Lawyer for woman accused of dangerous driving says unclear if child was seen before collision
Accident victim Leila Bui. (CTV Vancouver Island)
Tenessa Nikirk's lawyer says his client slowed down from 80 km/h to 53 km/h when she struck Leila Bui, 11, in a crosswalk on Dec. 20, 2017.
Tom Marino also suggested Nikirk couldn't see Leila because she was hidden by a car waiting to turn onto Ash Road from Torquay Drive.
Judge Mayland McKimm stated to Marino that all the witnesses who gave evidence said Leila looked both ways before entering the crosswalk. Marino told the court "there is no definitive answer if Leila was obscured by the car."
Nikirk has pleaded not guilty to one count of dangerous driving causing bodily harm in the collision.
McKimm said he also was concerned whether Leila could be seen, but Nikirk was texting, speeding and passing where she shouldn’t be passing.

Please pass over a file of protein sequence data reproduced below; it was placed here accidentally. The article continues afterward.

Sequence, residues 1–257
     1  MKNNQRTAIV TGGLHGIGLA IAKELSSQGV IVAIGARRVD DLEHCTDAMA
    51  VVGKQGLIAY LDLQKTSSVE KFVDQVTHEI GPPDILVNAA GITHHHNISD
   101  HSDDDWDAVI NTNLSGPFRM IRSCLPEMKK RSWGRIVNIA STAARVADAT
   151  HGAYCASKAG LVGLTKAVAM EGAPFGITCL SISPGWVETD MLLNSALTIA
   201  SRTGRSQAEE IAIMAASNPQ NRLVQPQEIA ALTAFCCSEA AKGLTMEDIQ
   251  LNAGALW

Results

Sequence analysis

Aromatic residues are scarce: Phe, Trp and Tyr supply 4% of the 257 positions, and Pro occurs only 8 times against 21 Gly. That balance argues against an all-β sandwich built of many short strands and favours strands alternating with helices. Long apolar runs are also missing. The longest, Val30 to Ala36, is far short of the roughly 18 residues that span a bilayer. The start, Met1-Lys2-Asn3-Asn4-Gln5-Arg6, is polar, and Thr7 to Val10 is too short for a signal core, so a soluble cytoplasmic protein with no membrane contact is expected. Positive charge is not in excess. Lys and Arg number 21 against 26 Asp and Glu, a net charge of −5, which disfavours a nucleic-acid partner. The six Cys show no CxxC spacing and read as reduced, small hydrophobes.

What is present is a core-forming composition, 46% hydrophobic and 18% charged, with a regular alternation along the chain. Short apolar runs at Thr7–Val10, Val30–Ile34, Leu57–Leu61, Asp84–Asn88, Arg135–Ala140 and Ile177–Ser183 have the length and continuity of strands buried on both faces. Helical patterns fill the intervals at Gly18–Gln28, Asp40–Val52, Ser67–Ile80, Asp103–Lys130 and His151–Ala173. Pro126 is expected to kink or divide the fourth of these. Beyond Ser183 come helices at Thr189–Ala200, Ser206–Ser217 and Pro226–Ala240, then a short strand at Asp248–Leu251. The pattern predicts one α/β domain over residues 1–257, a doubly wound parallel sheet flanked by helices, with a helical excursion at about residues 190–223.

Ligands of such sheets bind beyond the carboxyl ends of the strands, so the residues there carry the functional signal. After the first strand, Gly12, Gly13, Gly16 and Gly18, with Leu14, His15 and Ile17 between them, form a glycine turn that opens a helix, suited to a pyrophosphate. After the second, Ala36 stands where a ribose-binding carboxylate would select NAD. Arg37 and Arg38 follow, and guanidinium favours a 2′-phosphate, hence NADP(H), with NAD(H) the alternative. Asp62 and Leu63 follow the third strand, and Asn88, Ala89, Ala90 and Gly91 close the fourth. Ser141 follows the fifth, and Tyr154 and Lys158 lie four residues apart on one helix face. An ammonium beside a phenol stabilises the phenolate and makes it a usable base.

A video expert hired by police previously testified that Nikirk's SUV was travelling in excess of 100 km/h before the crash and came to a stop about 18 to 20 metres beyond where it struck the girl.
In his final submission, Marino argued that while Nikirk's vehicle was speeding in excess of 100 km/h in a 50 km/h zone and crossed the centre line to pass two vehicles before the collision, she returned to the correct lane 580 metres before Bui was struck.
He also suggested Nikirk was travelling at 53 km/h when she struck Bui. Marino called the collision an "inevitable accident" and insists the roads were icy at the time of the crash.
Crown prosecutor Jess Patterson did not agree with the defence's position that the collision was inevitable.
Patterson said the accused was driving in way that was dangerous. He said Nikirk was tailgating, passing in a dangerous manner, speeding and was texting prior to the crash.
Patterson went on the say that a prudent driver would have seen the four cars that were stopped at the intersection of Ash Road and Torquay Drive. He said the four vehicles were travelling at zero km/h and Nikirk's SUV was going over 50 k/hr.
Leila, now 12 years old, suffered what the Crown described in court as "catastrophic injuries," including a permanent brain injury, broken neck and ruptured spleen in the crash.
The trial concluded Tuesday with final submissions from the defence and the Crown.
The judge will give his decision early in the new year.